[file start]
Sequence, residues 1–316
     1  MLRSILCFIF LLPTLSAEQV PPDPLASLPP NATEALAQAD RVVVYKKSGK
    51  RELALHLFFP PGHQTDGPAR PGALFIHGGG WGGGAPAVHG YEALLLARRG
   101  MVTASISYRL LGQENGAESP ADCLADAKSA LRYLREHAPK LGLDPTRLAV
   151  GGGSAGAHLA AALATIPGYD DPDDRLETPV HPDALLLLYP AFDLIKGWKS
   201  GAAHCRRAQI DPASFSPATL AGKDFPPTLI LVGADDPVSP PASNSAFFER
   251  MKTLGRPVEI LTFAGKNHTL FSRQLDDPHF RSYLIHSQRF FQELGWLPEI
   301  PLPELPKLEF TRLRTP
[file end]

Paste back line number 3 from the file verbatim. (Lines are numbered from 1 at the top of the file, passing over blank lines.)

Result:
    51  RELALHLFFP PGHQTDGPAR PGALFIHGGG WGGGAPAVHG YEALLLARRG